Crime Safety: Tips to Help You Stay Safe

Safety

A list of crime safety tips for women, “written by a cop,” circulated around Facebook a while back, and after reading it I realized just how hopelessly unprepared I am should I become a victim of a crime. I would be an easy target, especially considering my slow reaction time. So I shared the list of safety tips, but since then, I’ve done some digging, and it turns out that some of the advice isn’t completely accurate or valid, according to snopes.com.

I consider it my civil obligation as a writer to report accurate and quality advice and clear whatever confusion there may be about how to react should you become a target. The only weapon you can count on to have constant access to is common sense, so arm yourself with knowledge now, before it’s too late.

RETURNING TO YOUR VEHICLE ALONE

Not to say that this is only true of women, but it’s certainly typical of women to take some time to settle in their car before driving away. We’ve all done it at some point: take a moment to plug in our phones and iPods, pick a song, touch up our make up in the mirror, make a call or send a text. A harmless habit, you might think, but you’d be wrong. If you absolutely have to rummage through your purse and settle in, make sure the first thing you do is lock your doors.

This is especially true in large garages and deserted parking lots. Someone could easily watch you from their vehicle, unseen by you or anybody else, and follow you to your car, unnoticed. Next thing you know, somebody’s letting themselves in the passenger side and there’s a pistol to your head. So lock your doors, or better yet, just drive away. Your mascara touch-up and text message can wait.

Another effective habit to develop when returning to your car, unaccompanied, is to study your surroundings. Keep your head up and your eyes alert, looking for trouble. Know how many people are around you and how close. Glance in the backseat of your vehicle before getting inside, in case of any uninvited guests that may be waiting for you there. This isn’t likely, but having your head up and your eyes on full alert will also make you less of an easy target. Predators seek out victims who appear distracted or otherwise preoccupied because they aren’t as perceptive to their surroundings, and therefore won’t expect to be attacked.

STRANGER DANGER – EN ROUTE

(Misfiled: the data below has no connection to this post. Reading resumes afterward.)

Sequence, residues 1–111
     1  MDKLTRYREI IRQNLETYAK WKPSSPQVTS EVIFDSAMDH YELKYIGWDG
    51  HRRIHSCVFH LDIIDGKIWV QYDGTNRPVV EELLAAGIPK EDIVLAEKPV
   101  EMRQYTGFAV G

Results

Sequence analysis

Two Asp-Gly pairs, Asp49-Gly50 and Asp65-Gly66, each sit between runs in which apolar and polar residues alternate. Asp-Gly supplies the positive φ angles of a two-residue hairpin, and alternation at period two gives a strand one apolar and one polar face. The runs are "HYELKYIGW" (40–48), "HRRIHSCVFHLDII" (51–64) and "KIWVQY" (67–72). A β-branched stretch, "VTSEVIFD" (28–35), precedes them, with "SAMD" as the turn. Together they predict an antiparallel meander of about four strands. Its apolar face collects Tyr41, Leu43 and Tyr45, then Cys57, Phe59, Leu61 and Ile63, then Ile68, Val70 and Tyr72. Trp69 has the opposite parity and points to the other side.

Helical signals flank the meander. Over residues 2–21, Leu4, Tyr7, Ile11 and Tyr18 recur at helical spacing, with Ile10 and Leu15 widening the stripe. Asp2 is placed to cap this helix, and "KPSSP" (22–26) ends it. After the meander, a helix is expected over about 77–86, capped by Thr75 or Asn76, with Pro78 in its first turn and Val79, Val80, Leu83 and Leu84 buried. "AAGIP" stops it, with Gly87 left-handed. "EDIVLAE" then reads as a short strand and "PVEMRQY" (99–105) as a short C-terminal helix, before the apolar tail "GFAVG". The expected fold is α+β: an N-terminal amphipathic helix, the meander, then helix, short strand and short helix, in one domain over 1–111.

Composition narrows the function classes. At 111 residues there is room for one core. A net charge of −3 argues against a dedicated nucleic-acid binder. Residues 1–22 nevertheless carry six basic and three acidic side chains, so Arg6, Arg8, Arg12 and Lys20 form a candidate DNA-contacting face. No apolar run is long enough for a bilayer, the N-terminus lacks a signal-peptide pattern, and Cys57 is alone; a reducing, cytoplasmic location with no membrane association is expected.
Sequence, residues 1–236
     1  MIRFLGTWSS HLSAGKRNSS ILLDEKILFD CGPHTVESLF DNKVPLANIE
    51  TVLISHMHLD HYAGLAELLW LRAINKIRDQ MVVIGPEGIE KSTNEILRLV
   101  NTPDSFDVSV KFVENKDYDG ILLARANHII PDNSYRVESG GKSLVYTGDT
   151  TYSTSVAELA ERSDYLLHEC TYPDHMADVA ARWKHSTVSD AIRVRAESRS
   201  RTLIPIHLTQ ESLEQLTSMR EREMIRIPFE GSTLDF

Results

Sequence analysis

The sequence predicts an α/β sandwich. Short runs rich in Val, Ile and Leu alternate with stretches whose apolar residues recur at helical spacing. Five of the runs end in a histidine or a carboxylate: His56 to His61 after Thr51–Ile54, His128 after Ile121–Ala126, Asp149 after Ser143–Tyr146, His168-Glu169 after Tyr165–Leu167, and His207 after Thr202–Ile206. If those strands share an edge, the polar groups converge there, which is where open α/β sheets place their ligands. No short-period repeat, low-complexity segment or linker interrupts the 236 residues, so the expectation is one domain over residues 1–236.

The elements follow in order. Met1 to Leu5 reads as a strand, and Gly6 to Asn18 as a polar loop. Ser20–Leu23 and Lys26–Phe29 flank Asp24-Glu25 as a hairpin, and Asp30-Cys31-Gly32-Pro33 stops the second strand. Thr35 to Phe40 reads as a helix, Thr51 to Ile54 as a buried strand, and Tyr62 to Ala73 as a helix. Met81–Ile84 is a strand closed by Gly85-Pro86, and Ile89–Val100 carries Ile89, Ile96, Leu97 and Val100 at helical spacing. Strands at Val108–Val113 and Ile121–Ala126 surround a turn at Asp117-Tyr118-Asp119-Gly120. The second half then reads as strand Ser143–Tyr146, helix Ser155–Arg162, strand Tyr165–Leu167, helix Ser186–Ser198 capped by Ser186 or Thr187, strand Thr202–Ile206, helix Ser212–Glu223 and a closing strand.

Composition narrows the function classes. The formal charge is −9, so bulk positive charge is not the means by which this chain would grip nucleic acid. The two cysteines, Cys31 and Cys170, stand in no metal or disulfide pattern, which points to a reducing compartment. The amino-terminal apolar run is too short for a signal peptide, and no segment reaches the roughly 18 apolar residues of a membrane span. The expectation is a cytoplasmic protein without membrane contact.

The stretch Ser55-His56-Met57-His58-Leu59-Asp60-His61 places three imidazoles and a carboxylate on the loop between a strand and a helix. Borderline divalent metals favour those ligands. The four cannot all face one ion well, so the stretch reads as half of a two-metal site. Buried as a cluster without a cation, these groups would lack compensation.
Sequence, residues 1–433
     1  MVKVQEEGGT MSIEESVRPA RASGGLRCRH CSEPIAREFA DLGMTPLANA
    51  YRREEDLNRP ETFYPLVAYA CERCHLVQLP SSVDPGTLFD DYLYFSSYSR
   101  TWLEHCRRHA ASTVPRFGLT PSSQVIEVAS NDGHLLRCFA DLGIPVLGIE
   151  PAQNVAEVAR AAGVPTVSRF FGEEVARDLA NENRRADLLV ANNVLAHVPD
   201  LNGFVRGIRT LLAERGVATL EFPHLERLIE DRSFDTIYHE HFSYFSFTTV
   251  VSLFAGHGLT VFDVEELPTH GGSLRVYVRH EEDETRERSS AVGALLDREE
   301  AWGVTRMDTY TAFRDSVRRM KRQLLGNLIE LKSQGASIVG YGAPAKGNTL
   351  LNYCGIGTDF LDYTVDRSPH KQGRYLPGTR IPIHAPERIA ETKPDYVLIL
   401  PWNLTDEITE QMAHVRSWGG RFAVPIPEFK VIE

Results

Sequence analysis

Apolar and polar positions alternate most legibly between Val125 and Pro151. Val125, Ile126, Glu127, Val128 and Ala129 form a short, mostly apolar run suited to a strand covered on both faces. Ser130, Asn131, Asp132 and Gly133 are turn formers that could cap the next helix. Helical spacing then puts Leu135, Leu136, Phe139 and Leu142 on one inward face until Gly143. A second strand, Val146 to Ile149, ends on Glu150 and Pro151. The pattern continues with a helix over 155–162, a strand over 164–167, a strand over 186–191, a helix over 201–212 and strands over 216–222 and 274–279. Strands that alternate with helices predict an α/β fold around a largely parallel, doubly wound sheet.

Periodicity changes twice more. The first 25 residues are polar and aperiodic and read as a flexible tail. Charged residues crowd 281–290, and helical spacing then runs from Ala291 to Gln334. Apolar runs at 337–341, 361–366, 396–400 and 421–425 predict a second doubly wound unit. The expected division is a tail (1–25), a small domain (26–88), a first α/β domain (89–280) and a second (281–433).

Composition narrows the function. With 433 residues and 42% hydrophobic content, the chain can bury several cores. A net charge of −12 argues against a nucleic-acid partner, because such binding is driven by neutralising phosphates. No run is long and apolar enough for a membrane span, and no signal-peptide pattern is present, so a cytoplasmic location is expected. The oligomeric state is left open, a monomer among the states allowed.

Similarly, if you’re traveling alone, be on full alert should you pull into a rest stop late at night when nature calls, or anywhere at night when you’re alone. If you’re road tripping through the middle of nowhere and need to stop and there’s a town or city up ahead, wait to stop until you get there. Use the most public and populated facilities as possible. As Snopes puts it, “Anywhere other people aren’t is a good place for you not to be either.” Surround yourself with witnesses.

Obviously, don’t pick up hitchhikers. Even attractive ones.

If you’re walking alone or on your way to your car, do not accept help from strangers, and likewise don’t offer it. Should someone come up to you and ask you to help load something into their car, don’t do it! We’ve all seen Silence of the Lambs, and that lady got lucky! Trust me, if it weren’t for Clarice, she would not have made it out in one whole piece.

If someone asks you for directions, keep your distance. Even if they look inconspicuous, leave enough space between you that they can’t get ahold of you. And if they ask you to drive them somewhere, don’t. Even if they claim to have a baby waiting in their car, or their wife is pregnant and supposedly needs help. Offer to call someone to help them, such as the police or ambulance, and be on your merry way.

STRANGER DANGER – HOME ALONE

If you’re at home alone and somebody arrives at your door claiming to have been sent by the superintendent, the city or electric company, or any other potentially legitimate source and you’re not expecting them, make sure to call whatever entity the service person claims to have been sent by to confirm that they are who they say they are.

Should someone arrive at your door in the throes of an emergency, be cautious. They may ask to use your phone to report an emergency or call a towing company, in which case you should always offer to make the call yourself. Should they continue looking for excuses to come in, don’t let them. Only offer any help that you can give them through closed doors. Don’t let them in, and do not follow them outside.

Being along makes anyone more vulnerable, but being alert and aware of your surroundings makes you less tempting of a target. Keep your head up and eyes peeled for anything suspicious. Common sense: it may just save your life.

TDQ Tags TDQblogger009
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